YITSKHOK-AYZIK KAMINER (May 1834-April 5, 1901)
He was born in Levkyev (Levkiv), near Zhitomir. He received his medical degree from Kiev University. He was a Hebrew poet, satirist, and journalist. Earlier a socialist, he later became a “lover of Zion.” He was one of the first Hebrew writers who considered it important to create a Yiddish literature. In 1888 he sent Sholem-Aleichem a “Brief tsum heroysgeber” (Letter to the publisher) for the latter’s planned Folks-biblyotek (People’s library), published as a kind of programmed anthology, to which Kaminer contributed. He also placed work in Linetski and Goldfaden’s Yisroelik and in M. Radkinson’s Yiddish-language Kol leam (Call to the people). He died in Berne.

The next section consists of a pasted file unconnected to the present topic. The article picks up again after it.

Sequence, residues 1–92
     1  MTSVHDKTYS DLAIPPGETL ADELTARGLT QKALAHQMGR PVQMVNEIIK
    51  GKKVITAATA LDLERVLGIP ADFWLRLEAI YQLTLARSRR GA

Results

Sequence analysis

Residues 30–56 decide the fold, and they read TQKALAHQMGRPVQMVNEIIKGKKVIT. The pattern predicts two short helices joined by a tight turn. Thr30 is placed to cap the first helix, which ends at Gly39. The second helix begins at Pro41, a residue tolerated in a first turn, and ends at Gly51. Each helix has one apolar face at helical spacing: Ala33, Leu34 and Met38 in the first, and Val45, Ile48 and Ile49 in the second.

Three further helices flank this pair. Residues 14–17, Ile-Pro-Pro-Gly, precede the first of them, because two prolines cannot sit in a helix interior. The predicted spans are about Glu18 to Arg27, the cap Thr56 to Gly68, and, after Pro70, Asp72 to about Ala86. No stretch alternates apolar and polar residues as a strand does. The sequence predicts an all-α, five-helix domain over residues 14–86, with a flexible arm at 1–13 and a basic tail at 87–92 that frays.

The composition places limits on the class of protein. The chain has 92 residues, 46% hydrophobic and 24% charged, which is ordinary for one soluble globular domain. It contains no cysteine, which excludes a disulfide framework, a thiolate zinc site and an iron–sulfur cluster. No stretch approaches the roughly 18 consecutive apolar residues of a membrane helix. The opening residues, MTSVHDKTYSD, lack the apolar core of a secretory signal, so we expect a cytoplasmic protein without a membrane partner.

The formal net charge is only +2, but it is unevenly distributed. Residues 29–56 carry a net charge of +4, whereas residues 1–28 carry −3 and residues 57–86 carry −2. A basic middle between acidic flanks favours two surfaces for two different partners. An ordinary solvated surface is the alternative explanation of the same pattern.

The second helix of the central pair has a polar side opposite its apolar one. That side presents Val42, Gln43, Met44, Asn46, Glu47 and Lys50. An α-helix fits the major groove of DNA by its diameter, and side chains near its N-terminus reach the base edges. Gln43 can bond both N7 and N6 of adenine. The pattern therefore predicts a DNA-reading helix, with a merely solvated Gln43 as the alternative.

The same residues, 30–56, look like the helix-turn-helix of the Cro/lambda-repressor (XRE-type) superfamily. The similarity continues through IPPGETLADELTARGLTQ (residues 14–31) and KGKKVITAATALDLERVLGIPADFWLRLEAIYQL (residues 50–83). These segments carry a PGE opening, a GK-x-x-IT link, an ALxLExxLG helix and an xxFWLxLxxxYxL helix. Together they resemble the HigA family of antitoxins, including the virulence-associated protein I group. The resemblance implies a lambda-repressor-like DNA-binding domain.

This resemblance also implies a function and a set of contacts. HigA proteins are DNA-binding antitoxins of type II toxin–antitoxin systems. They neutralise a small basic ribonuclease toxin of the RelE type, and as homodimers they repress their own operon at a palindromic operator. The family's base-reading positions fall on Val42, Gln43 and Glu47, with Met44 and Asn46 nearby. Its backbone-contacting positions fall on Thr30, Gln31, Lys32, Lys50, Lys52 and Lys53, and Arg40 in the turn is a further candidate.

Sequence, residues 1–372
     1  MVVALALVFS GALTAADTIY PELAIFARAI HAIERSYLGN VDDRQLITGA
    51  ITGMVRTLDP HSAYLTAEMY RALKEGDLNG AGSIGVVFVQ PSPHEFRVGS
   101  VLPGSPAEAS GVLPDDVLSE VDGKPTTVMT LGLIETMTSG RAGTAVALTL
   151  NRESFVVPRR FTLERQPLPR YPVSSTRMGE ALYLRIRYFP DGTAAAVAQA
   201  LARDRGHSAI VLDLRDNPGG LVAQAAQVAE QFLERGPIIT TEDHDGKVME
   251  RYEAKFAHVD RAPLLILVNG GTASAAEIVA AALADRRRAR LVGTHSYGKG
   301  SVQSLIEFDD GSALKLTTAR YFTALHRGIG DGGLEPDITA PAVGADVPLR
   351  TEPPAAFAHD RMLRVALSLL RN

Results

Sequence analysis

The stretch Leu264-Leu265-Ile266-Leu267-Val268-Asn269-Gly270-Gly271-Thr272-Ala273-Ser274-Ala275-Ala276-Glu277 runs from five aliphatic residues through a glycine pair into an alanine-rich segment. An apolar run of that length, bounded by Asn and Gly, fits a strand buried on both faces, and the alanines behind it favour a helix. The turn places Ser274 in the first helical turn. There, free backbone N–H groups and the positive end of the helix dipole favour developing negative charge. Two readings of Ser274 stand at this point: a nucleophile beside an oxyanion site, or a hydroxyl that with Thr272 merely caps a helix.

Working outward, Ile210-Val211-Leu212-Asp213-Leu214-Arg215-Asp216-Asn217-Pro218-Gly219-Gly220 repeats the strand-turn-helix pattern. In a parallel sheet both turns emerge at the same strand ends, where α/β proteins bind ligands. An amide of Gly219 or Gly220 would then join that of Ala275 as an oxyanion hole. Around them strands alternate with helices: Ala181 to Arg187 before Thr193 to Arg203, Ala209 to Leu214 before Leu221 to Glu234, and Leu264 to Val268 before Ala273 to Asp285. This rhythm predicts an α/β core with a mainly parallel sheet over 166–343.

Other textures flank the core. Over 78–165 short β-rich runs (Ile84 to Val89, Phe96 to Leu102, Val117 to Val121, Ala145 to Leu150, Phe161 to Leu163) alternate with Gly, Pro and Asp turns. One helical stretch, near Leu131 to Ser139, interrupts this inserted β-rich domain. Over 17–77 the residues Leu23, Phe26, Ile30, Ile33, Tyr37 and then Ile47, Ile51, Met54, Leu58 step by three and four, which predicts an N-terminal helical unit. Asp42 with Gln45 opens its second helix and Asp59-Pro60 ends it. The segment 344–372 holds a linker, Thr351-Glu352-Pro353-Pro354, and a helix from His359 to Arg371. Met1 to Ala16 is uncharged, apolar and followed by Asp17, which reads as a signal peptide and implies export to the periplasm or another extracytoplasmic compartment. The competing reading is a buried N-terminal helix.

Sources: Getzel Kressel, Leksikon hasifrut haivrit (Handbook of Hebrew literature), vol. 2 (Merḥavya, 1967); Sefer hashana (Yearbook) (Warsaw, 1901/1902), vol. 3, pp. 46-68; Sh. L. Tsitron, Dray literarishe doyres (Three literary generations), vol. 2 (Vilna, 1921), pp. 113ff; M. Vinchevsky, Erinerungen (Experiences) (Moscow: Shul un bukh, 1926), pp. 72-75; Shmuel Niger, Dertseylers un romanistn (Storytellers and novelists), vol. 1 (New York: Tsiko, 1946), pp. 102-3, 105; Niger, Bleter geshikhte fun der yidisher literatur (Pages of history from Yiddish literature) (New York, 1959), pp. 392-93.